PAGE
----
Courtesy of the filmmakers.Getty Images
Style Points is a weekly column about how fashion intersects with the wider world.
The calendar may not, at first or even third glance, seem like the chicest invention in human history. An airless grid crammed with names, it’s a visual record of the stodgy process of parceling out time. But Ruth Finley found a way to make it the most sought-after accessory in the industry when she began publishing her Fashion Calendar as a weekly in the 1940’s. Hers came on macaron-pink paper, with charmingly stylized phrasings (“Luncheon Showing of Fall Fashions.”) She chose the color so that busy people could find it easily on a cluttered desk; It came to be known as the “Pink Bible.” Her little calendar-that-could evolved into an industry standby, and was eventually acquired by the CFDA in 2014. The pages of the print version remain pink, in tribute to Finley.
The petite doyenne, who passed away in 2018, is the subject of a new documentary, Calendar Girl, directed by Christian D. Bruun, which follows her in the time leading up to the CFDA acquisition. In it, everyone from Diane von Furstenberg to Carolina Herrera to the late Bill Cunningham sings Finley’s praises and recalls the hallowed moment when they first got their own slots on the calendar. (“I was nobody,” Cunningham recalls of the time when his millinery collection made its calendar debut.) The documentary is a testament to the way fashion, while always chasing the new, still feels old-fashioned in many ways. Finley’s office looks like a museum of pleasant anachronisms, from film canisters to arcing Rolodexes, to a typewriter repair place’s card clinging to one of those Rolodexes. A printer disgorges reams of pink paper, bound for glamorous addresses. She’s shown tracking the changes to the Fashion Week calendar in pen, estimating that 8 to 10 changes come in per day.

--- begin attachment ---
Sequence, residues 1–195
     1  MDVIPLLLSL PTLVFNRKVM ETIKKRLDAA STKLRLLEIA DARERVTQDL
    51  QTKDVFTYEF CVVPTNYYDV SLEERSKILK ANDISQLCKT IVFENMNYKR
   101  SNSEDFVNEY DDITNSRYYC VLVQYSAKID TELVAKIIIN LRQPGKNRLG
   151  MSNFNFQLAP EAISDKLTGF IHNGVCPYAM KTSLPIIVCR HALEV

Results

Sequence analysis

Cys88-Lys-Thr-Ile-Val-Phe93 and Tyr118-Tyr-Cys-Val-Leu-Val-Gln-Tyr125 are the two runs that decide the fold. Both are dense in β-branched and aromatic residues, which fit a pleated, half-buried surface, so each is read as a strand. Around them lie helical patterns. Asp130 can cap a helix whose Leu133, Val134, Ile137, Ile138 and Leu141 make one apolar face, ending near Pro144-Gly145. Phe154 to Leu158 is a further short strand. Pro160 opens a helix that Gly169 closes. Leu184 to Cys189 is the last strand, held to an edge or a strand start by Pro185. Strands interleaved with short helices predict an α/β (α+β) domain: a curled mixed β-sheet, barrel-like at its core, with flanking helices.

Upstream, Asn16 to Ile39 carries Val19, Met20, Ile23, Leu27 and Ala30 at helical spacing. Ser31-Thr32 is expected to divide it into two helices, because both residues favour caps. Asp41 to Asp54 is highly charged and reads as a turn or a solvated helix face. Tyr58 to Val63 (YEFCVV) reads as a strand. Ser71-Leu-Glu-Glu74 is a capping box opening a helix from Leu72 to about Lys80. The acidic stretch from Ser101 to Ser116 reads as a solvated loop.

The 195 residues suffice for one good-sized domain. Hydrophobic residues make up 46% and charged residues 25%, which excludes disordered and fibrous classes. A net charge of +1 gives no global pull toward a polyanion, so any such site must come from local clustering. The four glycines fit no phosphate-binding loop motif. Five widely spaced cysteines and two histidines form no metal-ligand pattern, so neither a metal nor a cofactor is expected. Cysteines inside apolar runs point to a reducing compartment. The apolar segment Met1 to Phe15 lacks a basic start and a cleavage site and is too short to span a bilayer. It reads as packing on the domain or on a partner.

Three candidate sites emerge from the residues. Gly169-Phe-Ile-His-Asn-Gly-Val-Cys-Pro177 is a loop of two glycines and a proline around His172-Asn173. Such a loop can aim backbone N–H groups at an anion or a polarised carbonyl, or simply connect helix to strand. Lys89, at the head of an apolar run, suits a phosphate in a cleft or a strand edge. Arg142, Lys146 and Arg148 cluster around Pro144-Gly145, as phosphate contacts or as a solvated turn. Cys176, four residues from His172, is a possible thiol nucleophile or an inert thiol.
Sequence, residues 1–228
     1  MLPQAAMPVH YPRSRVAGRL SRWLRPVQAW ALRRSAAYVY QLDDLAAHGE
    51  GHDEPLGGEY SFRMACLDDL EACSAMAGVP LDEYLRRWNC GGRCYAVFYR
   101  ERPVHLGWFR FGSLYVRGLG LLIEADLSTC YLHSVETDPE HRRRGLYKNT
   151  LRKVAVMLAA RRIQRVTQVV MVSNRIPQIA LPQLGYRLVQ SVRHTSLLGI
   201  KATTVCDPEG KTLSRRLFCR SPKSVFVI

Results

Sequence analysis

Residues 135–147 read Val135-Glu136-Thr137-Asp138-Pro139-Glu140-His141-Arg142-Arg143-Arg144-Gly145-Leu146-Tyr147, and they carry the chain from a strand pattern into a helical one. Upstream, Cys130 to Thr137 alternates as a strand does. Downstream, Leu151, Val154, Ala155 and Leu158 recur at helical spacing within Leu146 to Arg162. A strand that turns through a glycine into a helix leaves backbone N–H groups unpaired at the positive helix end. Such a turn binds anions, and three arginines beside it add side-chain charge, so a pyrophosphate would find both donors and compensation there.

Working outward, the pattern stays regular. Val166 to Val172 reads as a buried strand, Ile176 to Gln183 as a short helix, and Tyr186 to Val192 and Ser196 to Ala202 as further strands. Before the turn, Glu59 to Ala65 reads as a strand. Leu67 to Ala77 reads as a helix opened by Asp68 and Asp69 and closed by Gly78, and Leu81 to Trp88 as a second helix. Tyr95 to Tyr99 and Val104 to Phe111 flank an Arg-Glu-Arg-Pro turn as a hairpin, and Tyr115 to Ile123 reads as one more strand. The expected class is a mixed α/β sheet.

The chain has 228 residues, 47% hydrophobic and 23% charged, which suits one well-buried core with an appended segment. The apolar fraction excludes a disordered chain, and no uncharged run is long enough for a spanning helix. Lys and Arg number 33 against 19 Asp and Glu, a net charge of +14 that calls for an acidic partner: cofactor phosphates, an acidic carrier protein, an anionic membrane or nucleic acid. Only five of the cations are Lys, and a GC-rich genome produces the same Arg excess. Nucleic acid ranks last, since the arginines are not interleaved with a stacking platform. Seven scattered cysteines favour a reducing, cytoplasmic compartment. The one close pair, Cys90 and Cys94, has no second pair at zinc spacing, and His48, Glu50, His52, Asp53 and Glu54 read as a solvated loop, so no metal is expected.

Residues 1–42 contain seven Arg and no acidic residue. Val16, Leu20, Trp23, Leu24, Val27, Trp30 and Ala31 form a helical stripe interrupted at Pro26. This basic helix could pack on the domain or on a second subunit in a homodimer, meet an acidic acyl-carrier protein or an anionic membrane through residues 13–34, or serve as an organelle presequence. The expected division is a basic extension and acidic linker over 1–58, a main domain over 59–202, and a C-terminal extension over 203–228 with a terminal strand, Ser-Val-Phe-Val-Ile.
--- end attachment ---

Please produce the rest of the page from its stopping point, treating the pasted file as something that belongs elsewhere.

And as anyone who follows pre-Fashion Week news can tell you, there’s plenty of calendar drama that needs to be arbitrated—from big-name designers who guard their regular spots, to newbies praying they’re not saddled with a dreaded early-morning slot. Finley performed the tricky calculus of managing personalities with a capital P without ruffling feathers. (She usually tried to wear a designer’s clothes to their show, in the spirit of fair-mindedness.)
Fashion is in a constant state of self-evaluation, perpetually re-thinking the concept of fashion weeks yet always coming back to it. Finley’s life story reflects the old-school quality that our future-obsessed industry still, somehow, clings to. She was a link to a time when retailers were front-row celebrities, fashion shows were relaxed “luncheon” affairs, and influencers didn’t exist. For nearly 70 years, she held sway over not just the schedule but the workings of the industry itself. When she tried to pass her calendar empire on to her family, her children were dubious that anyone could replace her. As one of her sons says in the film, “You think Oscar de la Renta’s going to listen to someone else?”
For more on the film and for tickets to the online screening, go here.
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